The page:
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MELBOURNE, Australia – Southern Australia suffered Friday from a record-breaking heat wave that has threatened rural towns with wildfires and sent ambulance crews after heat-stressed patients.
Melbourne, Australia's second-largest city recorded its third consecutive day of temperatures above 43 degrees Celsius (109 F) for the first time since 1855, when record-keeping began, the Bureau of Meteorology said.
The temperature in Melbourne topped 45.1 C (113 F) on Friday ahead of a cooler change that might even bring some thunder showers, the bureau said.
Adelaide, the other major city on the south coast, is expected to match its longest heat wave in a century by Monday, with six consecutive days exceeding 40 C (104 F). The heat there buckled train and tram lines.
The high temperatures have afflicted tennis players and spectators alike this week at the Australian Open in Melbourne, where men's No. 3 seed Novak Djokovic retired ill from a game Tuesday after heat-related complaints.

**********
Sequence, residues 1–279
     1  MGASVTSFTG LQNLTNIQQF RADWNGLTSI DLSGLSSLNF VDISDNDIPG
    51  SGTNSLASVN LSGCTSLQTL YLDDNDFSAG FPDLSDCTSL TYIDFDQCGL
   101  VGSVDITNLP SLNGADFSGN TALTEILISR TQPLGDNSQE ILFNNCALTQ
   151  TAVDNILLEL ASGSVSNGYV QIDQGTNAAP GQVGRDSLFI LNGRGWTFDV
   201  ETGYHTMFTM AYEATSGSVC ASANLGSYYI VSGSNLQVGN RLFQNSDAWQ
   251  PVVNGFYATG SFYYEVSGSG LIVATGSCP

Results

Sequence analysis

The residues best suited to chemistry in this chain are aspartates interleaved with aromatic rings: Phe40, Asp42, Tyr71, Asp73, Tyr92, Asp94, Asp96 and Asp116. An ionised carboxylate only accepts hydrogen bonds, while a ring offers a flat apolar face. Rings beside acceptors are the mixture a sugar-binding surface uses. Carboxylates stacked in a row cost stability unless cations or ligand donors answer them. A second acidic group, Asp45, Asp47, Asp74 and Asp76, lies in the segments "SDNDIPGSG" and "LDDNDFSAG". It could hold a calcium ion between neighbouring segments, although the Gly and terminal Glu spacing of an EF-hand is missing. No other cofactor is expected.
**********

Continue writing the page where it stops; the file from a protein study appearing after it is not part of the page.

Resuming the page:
The retractable roofs on Rod Laver Arena have been closed at least parts of the last three days.
There was controversy Wednesday when they closed the roof during the match between Serena Williams and Svetlana Kutzetsova. The Russian had won the first set, but the break gave Williams time to recover and she rallied to win.
Players complained that it felt like their feet were burning right through their shoes. A bunch of moths that have annoyed the players were basically sizzling and dying within seconds of landing on the broiling court surface.
Melbourne is the capital of Victoria state, where three rural towns were under threat from wildfires spreading quickly in the furnace-like conditions, Country Fire Authority deputy chief fire officer Geoff Conway said.
The summer frequently extends into periods of heat wave and drought, while the winters, while usually cold, wet and windy, are quite mild in comparison to winters in many European countries.